Sat | Apr 21, 2018

UPDATED: INDECOM clipped - Appeal Court rules body has no power to arrest cops

Published:Saturday | March 17, 2018 | 12:00 AMErica Virtue/Senior Gleaner Writer
Members of the Jamaica Constabulary Force cannot be arrested by INDECOM.
Williams
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The Appeal Court yesterday slapped a restraining order on the Independent Commission of Investigations (INDECOM), telling it in a decision that it has no power to arrest, and prosecute cops.

INDECOM has maintained that under Section 20 of the act, it had such powers, but the ruling said, based on Section 20 of the Act, that INDECOM Commissioner Terrence Williams and his investigators only had power to investigate and make recommendations.

READ IN FULL: Judgment - INDECOM vs Police

The two-to-one decision came as Deputy Superintendent Albert Dyer challenged his conviction for interfering with the work of INDECOM and sought a declaratory judgment on the role of the body set up in 2010 to investigate the police.

"The Independent Commission of Investigations (INDECOM) is not empowered by Section 20 of the Act, statute, or common law to arrest, charge, or prosecute any person for any criminal offence; (ii) Section 20 of the Act does not empower the first respondent or any of his investigative staff to arrest, charge, or prosecute any person for any criminal offence or any of his investigative staff to arrest any person for a breach of that section ... ," read the Appeal Court's ruling.

INDECOM, essentially, has no more powers of arrest than a private citizen. "Subject to the restrictions that exist at common law, the Act does not abrogate the common-law right possessed by the first respondent and each member of his investigative staff, in their private capacities, to arrest or charge any person or initiate a private prosecution against any person for any criminal offence, and (vi) the first respondent and his investigate staff may exercise their private rights at common law without first obtaining a ruling from, or permission of, the director of public prosecutions."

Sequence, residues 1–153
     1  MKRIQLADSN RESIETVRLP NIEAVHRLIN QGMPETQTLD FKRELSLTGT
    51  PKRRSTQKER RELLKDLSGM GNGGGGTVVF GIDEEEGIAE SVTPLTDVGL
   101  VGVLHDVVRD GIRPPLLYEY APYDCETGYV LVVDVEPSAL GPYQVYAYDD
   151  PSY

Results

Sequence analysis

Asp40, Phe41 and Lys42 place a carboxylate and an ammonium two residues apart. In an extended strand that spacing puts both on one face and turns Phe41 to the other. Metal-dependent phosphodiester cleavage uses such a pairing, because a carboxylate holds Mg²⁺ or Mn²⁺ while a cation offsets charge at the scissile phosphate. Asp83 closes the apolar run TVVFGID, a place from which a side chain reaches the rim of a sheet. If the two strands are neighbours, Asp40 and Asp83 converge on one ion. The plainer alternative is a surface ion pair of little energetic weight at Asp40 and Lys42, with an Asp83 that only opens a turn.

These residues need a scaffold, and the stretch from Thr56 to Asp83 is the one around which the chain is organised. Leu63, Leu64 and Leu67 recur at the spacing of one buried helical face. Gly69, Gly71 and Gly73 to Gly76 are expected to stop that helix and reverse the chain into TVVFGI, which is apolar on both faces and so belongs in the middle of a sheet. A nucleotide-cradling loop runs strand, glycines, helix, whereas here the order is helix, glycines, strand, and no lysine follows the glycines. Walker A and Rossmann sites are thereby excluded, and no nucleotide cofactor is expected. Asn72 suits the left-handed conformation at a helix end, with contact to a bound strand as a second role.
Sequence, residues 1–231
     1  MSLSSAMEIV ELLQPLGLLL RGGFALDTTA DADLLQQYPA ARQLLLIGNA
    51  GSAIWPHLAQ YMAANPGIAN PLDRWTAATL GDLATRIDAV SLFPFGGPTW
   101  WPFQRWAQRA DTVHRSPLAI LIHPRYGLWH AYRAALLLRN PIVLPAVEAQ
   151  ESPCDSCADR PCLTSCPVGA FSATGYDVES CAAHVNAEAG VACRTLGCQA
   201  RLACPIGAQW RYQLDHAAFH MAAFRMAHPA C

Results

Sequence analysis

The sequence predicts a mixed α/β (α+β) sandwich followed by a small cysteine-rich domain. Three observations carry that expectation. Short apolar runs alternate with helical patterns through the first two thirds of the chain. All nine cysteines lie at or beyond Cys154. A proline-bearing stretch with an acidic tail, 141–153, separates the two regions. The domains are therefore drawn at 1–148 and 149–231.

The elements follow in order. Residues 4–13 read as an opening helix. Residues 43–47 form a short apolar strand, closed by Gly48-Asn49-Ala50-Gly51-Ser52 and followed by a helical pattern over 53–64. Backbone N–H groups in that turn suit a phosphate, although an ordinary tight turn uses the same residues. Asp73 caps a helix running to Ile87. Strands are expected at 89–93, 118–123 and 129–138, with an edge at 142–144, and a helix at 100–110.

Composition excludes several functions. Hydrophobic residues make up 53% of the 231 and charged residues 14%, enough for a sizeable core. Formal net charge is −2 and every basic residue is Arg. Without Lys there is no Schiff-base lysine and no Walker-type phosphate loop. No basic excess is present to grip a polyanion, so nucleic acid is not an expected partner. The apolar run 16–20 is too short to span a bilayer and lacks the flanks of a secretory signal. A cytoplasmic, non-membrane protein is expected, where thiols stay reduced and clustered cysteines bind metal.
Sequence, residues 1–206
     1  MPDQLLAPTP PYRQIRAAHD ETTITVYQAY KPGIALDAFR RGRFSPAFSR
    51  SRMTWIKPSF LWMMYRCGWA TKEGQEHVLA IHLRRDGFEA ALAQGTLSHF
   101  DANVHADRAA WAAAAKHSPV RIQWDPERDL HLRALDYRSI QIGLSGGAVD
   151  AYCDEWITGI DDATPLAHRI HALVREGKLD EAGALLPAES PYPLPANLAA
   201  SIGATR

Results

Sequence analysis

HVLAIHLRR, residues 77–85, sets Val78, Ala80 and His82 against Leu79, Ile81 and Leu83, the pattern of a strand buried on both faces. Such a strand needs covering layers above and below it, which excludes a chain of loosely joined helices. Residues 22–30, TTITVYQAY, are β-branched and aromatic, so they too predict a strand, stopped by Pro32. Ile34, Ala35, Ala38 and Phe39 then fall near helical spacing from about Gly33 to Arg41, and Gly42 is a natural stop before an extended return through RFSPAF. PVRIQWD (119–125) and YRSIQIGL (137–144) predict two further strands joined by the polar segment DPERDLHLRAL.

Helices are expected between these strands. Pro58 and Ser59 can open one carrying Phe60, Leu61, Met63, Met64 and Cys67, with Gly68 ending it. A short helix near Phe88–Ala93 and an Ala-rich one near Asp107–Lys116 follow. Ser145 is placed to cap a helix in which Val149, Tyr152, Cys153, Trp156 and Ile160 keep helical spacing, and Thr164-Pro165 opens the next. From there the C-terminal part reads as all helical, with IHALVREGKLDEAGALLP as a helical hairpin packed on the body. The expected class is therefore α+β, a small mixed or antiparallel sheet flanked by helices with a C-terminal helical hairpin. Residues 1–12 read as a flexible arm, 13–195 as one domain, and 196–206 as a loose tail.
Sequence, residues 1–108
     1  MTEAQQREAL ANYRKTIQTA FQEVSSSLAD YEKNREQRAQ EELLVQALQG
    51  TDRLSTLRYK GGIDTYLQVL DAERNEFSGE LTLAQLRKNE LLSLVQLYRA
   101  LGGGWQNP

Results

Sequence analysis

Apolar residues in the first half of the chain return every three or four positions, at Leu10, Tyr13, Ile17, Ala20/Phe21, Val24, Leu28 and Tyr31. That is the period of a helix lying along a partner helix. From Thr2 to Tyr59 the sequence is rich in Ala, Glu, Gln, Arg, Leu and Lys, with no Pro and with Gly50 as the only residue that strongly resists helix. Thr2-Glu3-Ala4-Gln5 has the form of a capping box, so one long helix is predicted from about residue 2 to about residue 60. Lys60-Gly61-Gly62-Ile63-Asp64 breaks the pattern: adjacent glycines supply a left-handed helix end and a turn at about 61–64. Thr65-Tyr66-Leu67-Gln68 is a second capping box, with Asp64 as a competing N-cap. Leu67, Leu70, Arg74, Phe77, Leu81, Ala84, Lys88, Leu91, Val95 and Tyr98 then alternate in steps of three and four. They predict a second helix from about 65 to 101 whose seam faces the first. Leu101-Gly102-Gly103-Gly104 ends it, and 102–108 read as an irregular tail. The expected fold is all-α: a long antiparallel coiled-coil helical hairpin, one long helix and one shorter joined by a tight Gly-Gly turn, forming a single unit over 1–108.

Both INDECOM and the Police Federation have claimed victory based on the ruling.

Williams says that the judgment of the court has confirmed and strengthened the position of the oversight body. Williams argued that the police oversight body never claimed that INDECOM, as a body, had the power to bring a charge against the police.

The Police Federation has celebrated the ruling, saying that it welcomes the judgment as the Federation was the only voice against the body.

The court also quashed the conviction of Dyer.

He was arrested by INDECOM investigators following allegations that on August 29, 2013, police personnel from the St Catherine South Division fatally shot a woman in Windsor Heights, Central Village. Personnel from INDECOM reportedly went to the Central Village Police Station to secure the weapons involved.

Deputy Superintendent of Police Dyer took the weapons and refused to hand them over.

He was convicted in 2014 and fined $800, 000.

NOTE: An earlier version of this story had said the Appeal Court had told INDECOM that it has no power to investigate, arrest and prosecute cops. There was an inaccuracy in that statement. While in fact, the Appeal Court said INDECOM has no power to arrest and prosecute cops, it said INDECOM's remit was to investigate cops and make recommendations.

erica.virtue@gleanerjm.com